Sunday Thoughts: The Treasure in the Field

Deconstructing fairy tales is like deconstructing a ming vase; it’s easy to do, but it says more about you than about the subject itself. When some wag sniffs at the ‘love at first sight’ trope, or writes smarmy novels about Cinderella realizing how shallow her love for Prince Charming really is, it only shows the narrowness of her own mind.

Remember, narratives are always inadequate to the reality. You are always going to miss something. The question, then, is what elements of the real thing are you going to portray and why, with the goal being to convey the true, complete nature of the thing as much as possible.

Love at first sight, leading to an unyielding desire to possess the object of ones affection, is not how things usually play out day-to-day in real life. It is, however, the true pattern of an ardent love; you recognize the other for the thing you desire and you put all on the line to win her and keep her. In the context of the real world, that recognition likely takes place over the course of a good deal of time and, since we’re flawed beings, may be imperfect. In any case, there will always be elements about her that could lead you to think that you may have made a mistake at some point. But the pattern holds good; success comes in finding what you want and committing wholly to it.

As you will notice, this pattern is itself a copy of the greater pattern that Christ speaks of in today’s Gospel readings: the man who found a treasure in a field, then went and sold all he owned to possess it, or the merchant of pearls seeking one of great price who, when he found it, sold everything he owned that he might have it.

The point both here and in the fairy tales is that the hero discovers something that is worth making the baseline of his life; the thing to which all else can give way because its value exceeds them all. It is the thing that gives context and meaning to all else, and thus takes precedence over all else. It is your purpose, your destiny. Lose that, it won’t matter what else you have. Achieve it, and you achieve all.

It used to be that this pattern was repeated on earth in a minor key. And it still is in less noticeable measures; the desire to serve a noble cause and a great leader is baked into the heart of man. In legend, a young knight would consider it the highest honor to be in service to King Arthur or Charlemagne, and would endure anything for that opportunity. More recently, hundreds of men signed up to serve with Roosevelt’s Rough Riders, and many were disappointed to be turned away. The chivalrous spirit has, as an essential part of it, unyielding loyalty to one’s master and cause: to the Faith the knight defends and the King who serves that faith. In practice, it wasn’t so much important that the king be a good king; it was the unyielding loyalty, the submission of the self that matters. David, one of the prototypes of the Christian Knight, continued to serve King Saul even while Saul was seeking to murder him.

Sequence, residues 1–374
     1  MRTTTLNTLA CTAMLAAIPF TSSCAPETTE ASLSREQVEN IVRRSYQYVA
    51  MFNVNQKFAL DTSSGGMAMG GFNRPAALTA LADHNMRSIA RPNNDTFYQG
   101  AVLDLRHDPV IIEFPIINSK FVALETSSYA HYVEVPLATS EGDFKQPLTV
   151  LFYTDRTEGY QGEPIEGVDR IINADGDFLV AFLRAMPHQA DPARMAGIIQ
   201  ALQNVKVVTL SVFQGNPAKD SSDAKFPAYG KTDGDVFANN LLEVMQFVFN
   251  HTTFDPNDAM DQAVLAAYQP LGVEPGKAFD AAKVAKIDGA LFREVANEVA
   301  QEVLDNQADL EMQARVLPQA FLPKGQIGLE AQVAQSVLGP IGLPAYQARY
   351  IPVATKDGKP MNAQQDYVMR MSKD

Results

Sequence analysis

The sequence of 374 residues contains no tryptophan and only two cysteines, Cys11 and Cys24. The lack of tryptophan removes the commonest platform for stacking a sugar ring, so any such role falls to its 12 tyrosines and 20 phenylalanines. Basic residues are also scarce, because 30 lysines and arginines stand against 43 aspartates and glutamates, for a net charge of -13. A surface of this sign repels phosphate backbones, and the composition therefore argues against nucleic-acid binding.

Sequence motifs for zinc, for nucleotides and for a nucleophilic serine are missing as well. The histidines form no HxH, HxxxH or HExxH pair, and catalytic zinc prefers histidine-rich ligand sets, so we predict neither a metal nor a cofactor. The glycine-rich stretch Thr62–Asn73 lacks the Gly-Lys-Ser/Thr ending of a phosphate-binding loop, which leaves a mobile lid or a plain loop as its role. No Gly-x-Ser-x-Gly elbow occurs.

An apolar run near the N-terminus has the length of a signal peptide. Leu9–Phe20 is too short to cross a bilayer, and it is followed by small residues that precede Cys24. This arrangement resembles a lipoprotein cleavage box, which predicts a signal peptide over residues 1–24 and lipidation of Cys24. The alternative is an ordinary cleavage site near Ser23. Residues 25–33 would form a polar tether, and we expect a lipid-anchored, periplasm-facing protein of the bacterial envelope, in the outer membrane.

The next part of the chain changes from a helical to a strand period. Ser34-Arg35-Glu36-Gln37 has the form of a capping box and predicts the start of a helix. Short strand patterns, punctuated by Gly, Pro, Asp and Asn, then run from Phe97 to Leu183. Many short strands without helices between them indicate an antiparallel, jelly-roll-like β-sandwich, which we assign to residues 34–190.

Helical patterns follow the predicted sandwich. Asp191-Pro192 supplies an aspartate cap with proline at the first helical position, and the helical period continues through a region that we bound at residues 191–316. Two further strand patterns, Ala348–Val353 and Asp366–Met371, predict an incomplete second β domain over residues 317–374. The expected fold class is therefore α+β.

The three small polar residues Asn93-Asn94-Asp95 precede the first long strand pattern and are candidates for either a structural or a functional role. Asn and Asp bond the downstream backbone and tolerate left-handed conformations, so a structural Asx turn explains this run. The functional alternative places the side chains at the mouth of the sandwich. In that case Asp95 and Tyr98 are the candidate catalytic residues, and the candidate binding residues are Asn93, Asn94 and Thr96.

The virtue of devotion must be practiced in an imperfect context – to King, to country, to wife – because that is the one we know and see and thus can’t fool ourselves over. If we say “I’ll be loyal to Christ because he is perfect, but not to my country because it’s imperfect,” then we probably won’t be loyal to Christ either if He ever asks us to do something difficult or something we don’t understand. Indeed, how often do we hear people today saying things like “I love Jesus, but I don’t think he cares about my sexual habits, or about usury, or about whether I go to Church.” Because we don’t have the habit of devotion, of serving the imperfect, we have instead the habit of ‘serving’ only as we see fit. Which, of course is not serving at all. A soldier who only follows orders that he himself judges to be correct and sensible is claiming the rank of a general; a knight who only obeys his king when he would have done the same thing is claiming the rights of a king. If we have no experience of actually serving, how will we know to serve God? “He who is loyal in small things will be loyal in great ones.”